Just as you can tell someone’s age by the Blue Peter presenters they recall best (Singleton, Noakes, Purves, by the way), the age of a disc jockey can be easily be determined by asking if they ever sent an audition tape to Johnny Beerling.
After a decade at the Light Programme, Johnny was involved with Radio One from the outset, and was on production duty for the inaugural, smiling show in 1967. Famously, he was Controller during the latter period of its first ‘heyday’ from 1985 to 1993. These were the days of the first generation of superstar DJs; and enormous crowds gathering at Radio One Roadshows to see long-haired presenters in tight shorts play silly games. The red and blue geometric logo shouted ‘fun’. And those 1976 JAM jingles; well they defined a perfect, confident sound. For a station rising from the pirates' ashes; carving out a new yet part-time life in a sceptical public corporation, it is amazing how much 'stationality' Radio One generated.
It’s likely wrong to think that radio could or should be like this now. Life is different; listeners are different; the level of competition is different; the political climate the BBC operates in is different; the way presenters are viewed by listeners is different; the economics are different; and, well, it was just a long time ago. Some might argue that the changes Radio One introduced after Johnny’s era took it back to being closer to its 1967 goal, and closer to what it was licensed to do.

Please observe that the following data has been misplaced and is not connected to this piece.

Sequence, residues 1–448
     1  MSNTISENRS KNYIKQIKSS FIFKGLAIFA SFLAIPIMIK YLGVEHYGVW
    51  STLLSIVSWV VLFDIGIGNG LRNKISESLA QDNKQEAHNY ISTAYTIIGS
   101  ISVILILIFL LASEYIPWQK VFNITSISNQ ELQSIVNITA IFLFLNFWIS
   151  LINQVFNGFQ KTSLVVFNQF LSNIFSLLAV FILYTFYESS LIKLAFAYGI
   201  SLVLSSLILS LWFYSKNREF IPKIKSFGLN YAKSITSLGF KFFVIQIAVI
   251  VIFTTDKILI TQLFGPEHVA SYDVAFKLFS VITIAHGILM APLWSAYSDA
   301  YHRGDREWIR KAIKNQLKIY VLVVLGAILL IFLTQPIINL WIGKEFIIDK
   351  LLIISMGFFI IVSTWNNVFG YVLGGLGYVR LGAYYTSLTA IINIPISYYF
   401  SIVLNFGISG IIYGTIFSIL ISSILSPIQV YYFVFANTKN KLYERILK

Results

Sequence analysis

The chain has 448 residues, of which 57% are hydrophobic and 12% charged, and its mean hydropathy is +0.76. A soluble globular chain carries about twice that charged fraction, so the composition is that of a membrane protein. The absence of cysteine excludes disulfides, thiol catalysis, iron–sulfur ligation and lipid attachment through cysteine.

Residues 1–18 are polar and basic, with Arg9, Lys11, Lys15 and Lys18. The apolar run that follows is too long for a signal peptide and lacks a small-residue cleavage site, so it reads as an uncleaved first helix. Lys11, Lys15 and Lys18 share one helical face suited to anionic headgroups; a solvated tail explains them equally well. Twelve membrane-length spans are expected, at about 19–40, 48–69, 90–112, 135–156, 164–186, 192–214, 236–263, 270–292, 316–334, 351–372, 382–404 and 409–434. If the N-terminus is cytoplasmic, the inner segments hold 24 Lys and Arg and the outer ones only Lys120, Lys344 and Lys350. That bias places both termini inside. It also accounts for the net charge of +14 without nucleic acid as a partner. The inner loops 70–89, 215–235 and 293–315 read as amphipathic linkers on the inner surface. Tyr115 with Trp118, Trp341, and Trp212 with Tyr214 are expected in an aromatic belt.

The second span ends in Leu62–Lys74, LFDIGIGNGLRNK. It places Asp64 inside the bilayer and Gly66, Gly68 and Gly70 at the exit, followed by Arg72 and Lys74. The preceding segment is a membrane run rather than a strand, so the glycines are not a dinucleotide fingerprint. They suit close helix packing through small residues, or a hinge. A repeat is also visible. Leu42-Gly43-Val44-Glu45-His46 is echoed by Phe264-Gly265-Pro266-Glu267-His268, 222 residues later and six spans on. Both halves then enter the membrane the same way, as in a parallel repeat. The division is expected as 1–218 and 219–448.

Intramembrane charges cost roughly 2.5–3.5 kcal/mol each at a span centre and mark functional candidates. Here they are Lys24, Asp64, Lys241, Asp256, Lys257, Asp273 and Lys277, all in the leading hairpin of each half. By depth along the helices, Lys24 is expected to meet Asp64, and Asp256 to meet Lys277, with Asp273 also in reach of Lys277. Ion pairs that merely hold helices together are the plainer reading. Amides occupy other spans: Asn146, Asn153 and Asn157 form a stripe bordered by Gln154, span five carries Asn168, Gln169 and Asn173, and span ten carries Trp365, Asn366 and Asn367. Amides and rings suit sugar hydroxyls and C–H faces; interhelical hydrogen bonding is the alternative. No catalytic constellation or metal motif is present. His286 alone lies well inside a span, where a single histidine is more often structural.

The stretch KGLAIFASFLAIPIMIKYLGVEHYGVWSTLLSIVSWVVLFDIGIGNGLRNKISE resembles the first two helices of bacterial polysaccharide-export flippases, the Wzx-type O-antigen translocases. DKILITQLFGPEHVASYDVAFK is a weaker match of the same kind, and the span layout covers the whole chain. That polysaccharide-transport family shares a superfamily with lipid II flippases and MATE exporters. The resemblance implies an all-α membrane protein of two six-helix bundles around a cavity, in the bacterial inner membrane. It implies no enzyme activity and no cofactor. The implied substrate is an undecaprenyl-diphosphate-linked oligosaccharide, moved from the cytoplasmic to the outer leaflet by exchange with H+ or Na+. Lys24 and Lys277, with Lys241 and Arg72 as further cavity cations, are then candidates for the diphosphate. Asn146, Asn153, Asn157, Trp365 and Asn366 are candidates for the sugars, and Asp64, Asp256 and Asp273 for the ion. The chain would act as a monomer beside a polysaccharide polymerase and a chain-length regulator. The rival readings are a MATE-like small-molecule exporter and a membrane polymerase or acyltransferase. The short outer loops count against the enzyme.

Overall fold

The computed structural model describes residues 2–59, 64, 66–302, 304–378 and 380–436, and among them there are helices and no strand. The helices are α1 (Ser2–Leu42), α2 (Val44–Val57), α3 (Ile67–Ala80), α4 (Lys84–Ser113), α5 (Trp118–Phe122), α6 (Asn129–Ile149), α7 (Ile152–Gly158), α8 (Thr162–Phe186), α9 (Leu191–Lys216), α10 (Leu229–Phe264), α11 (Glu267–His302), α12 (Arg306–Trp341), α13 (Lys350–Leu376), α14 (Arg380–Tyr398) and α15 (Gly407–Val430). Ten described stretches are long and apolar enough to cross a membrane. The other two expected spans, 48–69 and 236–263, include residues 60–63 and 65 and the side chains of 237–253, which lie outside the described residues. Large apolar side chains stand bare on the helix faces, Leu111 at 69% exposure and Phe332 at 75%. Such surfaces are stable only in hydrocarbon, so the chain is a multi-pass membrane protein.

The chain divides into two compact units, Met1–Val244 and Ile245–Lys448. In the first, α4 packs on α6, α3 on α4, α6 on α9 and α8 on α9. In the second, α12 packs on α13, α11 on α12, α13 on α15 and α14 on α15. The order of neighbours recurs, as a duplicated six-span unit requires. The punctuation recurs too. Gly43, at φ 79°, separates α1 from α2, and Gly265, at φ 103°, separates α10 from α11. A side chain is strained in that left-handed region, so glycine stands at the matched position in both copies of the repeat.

Whilst it is not a fashionable view, though, let's concede that for a period, Radio One 247 got it spot on. Utterly. It chimed with Britain. And everyone involved should clap themselves vigorously; or just play that cart with clapping FX on. Either way, you genuinely deserve it.
Here, Johnny talks on assembling the inaugural Radio One line-up and the perils of needletime, which used to limit the number of records you could play. Many of us reading this remember the early days of 24 hour ILR too, when we used to play orchestral versions of tracks overnight; and repeatedly spin those rare non-needletime hits. #Radio1